The Wahkiakum County Eagle - Established as The Skamokawa Eagle in 1891

Commissioners struggle to obtain rights-of-entry

 


Wahkiakum County commissioners continue to deal with beach nourishment issues while attending to other business.

On Tuesday, commissioners and residents living along eroding Columbia River shorelines discussed hurdles in the way of setting up a program to deposit dredge spoils on those beaches.

The county is working to set up a long-term beach nourishment program under the US Army Corps of Engineers. The Corps has said it needs a long, unbroken stretch of beach to make beach nourishment economical, and the county is working to obtain right-of-entry easements from all property owners in the flood control zone districts.

There are, however, some people declining to sign the easements.

The Cape Horn district has one committed holdout, commissioners said. Both Commissioners Dan Cothren and Mike Backman have met with the party.

"I met with the man, and we walked and talked two hours," Backman said at Tuesday's meeting of the board of commissioners. "I don't think it's going to happen.

"He feels strongly that it's your property and you can protect yourself."

Cothren added that the property owner is also concerned about the potential impact of sand drifting into the Cathlamet Channel, which is experiencing significant shoaling.

If there were no entry easement for the property, it would split the Cape Horn district and jeopardize a Corps beach nourishment program.

"It's hard to comprehend," said Cape Horn resident Richard Erickson. "We're really up against the wall. "Half of us aren't going to get sand one way or another."

Backman has also been talking to reluctant signers on Puget Island, and he said some are starting to sign.

Commissioner Blair Brady said the board would consider what options it has, including exercising the right of eminent domain to gain the easements.

"Unfortunately, that's a time consuming option," he said.

Cothren said Corps officials have said there is sand that could be deposited on beaches this year, if the county obtains the easements and finishes the permitting process.

"We've got to start the process, whatever we're going to do," he said.

In other business, commissioners adopted an ordinance deleting superseded or obsolete sections of parts of the county code. The deletions included:

-- Revised Code of Wahkiakum County (RCWC) 2.84, regarding relations with the defunct Timberlands Regional Support Network;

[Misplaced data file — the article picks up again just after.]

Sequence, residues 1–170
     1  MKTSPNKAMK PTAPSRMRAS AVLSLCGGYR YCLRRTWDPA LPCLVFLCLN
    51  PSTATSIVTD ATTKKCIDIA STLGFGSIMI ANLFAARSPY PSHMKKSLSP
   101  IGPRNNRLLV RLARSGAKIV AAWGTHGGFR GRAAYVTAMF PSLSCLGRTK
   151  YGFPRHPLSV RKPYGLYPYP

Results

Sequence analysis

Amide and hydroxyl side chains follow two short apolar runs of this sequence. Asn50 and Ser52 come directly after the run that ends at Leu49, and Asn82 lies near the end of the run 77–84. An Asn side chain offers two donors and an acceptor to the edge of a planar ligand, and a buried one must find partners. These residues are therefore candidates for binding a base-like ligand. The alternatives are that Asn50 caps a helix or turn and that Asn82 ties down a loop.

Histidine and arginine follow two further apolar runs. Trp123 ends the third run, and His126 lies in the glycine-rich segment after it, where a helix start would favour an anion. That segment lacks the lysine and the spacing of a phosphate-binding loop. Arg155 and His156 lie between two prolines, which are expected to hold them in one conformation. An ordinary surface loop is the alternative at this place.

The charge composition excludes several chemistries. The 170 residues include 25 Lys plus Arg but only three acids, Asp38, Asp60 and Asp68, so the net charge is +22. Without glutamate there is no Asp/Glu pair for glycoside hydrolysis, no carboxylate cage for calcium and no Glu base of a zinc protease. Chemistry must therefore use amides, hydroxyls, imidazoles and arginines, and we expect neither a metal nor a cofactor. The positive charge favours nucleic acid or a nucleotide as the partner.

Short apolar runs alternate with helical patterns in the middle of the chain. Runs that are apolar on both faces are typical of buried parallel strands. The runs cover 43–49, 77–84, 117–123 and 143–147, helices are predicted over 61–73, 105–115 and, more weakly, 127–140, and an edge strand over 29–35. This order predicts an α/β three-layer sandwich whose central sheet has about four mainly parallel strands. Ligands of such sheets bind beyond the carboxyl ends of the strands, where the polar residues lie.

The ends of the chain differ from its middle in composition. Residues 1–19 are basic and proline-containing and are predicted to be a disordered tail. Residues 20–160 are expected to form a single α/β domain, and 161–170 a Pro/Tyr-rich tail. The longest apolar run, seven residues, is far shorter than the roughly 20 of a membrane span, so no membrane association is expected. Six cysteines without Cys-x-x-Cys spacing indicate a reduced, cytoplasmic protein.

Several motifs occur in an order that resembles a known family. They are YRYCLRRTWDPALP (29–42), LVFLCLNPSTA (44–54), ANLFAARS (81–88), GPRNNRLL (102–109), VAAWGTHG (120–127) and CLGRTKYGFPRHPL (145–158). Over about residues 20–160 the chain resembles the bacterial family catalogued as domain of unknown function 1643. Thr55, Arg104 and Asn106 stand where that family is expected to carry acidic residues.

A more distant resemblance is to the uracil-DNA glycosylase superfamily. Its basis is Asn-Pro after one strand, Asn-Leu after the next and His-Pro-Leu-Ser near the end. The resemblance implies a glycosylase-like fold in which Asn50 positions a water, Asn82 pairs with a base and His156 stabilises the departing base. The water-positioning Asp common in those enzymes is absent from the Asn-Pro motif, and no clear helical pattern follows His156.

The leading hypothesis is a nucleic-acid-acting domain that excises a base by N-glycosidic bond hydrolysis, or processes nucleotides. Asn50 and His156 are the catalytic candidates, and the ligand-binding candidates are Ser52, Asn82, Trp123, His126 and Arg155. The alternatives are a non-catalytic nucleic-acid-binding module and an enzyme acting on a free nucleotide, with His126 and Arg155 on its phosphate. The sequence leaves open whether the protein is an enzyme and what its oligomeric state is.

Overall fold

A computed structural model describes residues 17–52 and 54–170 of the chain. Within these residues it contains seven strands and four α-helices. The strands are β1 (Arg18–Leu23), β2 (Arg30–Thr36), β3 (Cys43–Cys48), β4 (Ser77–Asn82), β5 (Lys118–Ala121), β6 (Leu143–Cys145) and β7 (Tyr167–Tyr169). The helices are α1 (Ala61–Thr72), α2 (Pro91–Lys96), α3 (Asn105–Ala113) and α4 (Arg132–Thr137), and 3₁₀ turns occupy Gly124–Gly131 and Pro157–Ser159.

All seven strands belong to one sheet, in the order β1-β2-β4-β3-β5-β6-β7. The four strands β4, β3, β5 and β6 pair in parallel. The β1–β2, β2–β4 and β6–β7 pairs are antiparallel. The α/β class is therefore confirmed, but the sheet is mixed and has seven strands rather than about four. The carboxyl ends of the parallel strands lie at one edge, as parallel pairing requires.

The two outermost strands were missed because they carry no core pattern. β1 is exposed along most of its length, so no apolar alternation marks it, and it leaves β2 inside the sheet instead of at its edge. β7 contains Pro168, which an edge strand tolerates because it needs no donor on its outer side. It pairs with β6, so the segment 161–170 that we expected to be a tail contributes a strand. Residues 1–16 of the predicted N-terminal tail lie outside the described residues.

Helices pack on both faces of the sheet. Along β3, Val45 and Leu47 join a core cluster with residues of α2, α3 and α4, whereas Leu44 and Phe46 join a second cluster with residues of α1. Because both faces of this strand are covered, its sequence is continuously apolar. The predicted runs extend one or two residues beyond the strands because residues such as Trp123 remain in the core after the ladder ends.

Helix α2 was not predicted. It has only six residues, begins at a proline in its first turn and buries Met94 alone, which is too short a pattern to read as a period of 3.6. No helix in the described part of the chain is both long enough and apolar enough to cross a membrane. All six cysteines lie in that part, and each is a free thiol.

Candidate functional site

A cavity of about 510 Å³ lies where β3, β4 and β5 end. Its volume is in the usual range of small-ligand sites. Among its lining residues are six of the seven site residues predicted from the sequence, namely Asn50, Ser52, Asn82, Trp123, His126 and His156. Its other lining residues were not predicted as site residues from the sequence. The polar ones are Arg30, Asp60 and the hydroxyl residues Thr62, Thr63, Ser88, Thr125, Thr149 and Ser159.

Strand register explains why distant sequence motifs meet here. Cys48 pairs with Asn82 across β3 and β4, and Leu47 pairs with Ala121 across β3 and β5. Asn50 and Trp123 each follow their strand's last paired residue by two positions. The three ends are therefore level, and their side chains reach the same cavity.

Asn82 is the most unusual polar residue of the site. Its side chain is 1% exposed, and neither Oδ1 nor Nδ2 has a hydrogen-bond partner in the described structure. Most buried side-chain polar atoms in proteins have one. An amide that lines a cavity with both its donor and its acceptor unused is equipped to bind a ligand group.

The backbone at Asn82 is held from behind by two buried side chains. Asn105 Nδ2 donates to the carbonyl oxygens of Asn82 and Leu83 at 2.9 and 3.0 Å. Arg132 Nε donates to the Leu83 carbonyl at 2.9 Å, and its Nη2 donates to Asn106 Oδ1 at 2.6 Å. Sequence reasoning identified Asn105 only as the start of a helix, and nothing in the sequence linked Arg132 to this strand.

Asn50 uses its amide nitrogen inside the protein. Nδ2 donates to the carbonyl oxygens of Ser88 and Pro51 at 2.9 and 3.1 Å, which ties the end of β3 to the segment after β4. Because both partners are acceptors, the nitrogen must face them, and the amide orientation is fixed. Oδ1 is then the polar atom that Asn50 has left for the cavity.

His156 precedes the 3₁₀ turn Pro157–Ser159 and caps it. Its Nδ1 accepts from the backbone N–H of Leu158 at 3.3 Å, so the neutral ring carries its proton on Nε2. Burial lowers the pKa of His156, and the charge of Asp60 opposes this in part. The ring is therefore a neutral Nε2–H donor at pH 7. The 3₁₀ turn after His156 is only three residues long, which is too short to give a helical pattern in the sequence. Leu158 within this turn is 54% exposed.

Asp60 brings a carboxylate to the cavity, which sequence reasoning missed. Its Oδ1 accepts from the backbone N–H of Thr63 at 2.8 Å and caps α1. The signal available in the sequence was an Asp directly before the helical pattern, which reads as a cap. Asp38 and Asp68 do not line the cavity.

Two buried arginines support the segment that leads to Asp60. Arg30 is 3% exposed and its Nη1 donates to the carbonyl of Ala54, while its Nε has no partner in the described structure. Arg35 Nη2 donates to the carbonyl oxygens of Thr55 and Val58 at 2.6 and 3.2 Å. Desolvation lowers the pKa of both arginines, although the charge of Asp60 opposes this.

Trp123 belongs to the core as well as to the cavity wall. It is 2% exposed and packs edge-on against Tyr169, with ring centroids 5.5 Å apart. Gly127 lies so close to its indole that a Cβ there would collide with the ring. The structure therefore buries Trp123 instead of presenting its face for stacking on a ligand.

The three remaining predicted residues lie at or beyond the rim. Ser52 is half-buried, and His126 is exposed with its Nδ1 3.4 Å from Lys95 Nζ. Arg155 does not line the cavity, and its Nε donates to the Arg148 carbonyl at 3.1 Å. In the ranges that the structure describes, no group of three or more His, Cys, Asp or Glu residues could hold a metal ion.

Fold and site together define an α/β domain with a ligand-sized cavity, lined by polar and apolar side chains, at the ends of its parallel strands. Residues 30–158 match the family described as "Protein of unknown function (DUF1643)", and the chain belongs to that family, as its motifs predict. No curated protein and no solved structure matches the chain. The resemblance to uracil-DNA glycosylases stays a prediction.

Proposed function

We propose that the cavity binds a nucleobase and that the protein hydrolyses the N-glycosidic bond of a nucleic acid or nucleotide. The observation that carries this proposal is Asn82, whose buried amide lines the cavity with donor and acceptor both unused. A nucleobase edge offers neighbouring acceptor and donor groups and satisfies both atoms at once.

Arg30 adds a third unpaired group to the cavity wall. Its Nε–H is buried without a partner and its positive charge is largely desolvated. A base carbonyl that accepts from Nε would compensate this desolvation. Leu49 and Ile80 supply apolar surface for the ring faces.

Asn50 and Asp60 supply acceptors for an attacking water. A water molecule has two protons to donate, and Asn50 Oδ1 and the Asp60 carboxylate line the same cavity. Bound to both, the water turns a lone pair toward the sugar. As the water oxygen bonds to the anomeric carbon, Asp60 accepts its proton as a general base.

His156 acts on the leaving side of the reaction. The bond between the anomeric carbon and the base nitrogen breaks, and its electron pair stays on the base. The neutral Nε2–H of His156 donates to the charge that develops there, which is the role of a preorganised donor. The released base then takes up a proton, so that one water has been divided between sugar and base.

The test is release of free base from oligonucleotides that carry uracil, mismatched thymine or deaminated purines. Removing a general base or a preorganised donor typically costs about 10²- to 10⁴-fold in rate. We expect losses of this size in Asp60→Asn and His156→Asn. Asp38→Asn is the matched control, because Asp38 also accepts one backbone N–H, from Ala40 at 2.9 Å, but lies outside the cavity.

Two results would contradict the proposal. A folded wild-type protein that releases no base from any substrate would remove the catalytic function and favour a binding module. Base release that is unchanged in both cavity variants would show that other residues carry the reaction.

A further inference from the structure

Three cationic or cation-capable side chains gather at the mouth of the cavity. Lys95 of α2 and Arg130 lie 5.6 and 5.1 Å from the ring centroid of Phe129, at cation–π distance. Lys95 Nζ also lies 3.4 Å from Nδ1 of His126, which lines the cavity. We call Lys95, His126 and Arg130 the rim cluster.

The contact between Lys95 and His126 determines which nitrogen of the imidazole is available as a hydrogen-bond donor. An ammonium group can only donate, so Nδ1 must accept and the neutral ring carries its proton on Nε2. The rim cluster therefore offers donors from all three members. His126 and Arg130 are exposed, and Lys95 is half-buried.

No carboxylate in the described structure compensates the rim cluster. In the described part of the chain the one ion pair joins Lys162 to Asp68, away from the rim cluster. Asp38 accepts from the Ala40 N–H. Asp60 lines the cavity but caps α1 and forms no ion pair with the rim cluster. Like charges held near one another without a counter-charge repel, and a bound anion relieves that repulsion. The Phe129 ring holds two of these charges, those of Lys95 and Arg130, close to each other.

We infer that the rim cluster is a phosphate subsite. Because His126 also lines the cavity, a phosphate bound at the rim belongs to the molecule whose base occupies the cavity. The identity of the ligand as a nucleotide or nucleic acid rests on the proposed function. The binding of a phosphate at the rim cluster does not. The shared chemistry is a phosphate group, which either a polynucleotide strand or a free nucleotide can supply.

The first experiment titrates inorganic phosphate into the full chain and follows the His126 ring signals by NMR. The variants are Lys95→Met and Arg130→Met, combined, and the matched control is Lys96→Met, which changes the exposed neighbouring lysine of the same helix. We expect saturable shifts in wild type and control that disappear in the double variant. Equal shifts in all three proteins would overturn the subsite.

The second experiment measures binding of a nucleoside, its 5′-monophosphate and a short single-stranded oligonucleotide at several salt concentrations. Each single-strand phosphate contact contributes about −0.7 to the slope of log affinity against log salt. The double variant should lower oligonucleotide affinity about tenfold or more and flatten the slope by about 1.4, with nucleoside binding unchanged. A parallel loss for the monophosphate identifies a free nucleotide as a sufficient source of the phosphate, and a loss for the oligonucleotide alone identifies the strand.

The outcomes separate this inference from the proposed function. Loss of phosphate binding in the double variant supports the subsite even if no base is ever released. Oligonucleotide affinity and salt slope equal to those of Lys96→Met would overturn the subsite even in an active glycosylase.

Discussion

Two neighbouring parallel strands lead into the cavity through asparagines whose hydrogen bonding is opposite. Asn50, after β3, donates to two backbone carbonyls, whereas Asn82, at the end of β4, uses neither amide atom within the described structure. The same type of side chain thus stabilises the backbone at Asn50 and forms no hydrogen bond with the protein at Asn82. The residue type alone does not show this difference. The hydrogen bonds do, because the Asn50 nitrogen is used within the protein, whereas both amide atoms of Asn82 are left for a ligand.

--RCWC 2.140 regulating the employees of the county's defunct Wahkiakum Family Practice Clinic;

--RCWC9.05, a 1967 chapter creating a youth curfew which, given the past 50 years constitutional jurisprudence, is likely unenforceable today, and

--RCWC 53.08.130 and RCWC 53.12.150, prohibiting firearms in County Line Park and Skamokawa Vista Park, which have been preempted by state law.

Commissioners also adopted amendments to subdivision ordinances to require drainage easements where land is traversed by a water way, including ditches or other channels.

Commissioners of Consolidated Diking District No. 1 on Puget Island had asked for the amendments. They and property owners have recently testified about small parcels split from large properties without drainage provided to the new parcels.

Commissioners and department heads held a workshop to discuss needs for future budgeting.

Sheriff Mark Howie raised to major concerns.

First, sheriff's office staff are underpaid compared to officers in other counties, and this severely impacts the department's ability to retain employees. Department staff are paid 30-38 percent lower than the state average, he said.

Second, the increasing incarceration of people with mental health problems is severely impacting the jail.

There aren't enough spaces in mental health facilities, so people needing placement there must remain in jail. It's a bad environment for them, and they often have severe problems.

"We're going to need a part-time nurse practitioner for mental health," Howie said.

"Our jail is full," he added. "We used to house six or seven inmates, but now it's out of control."

 

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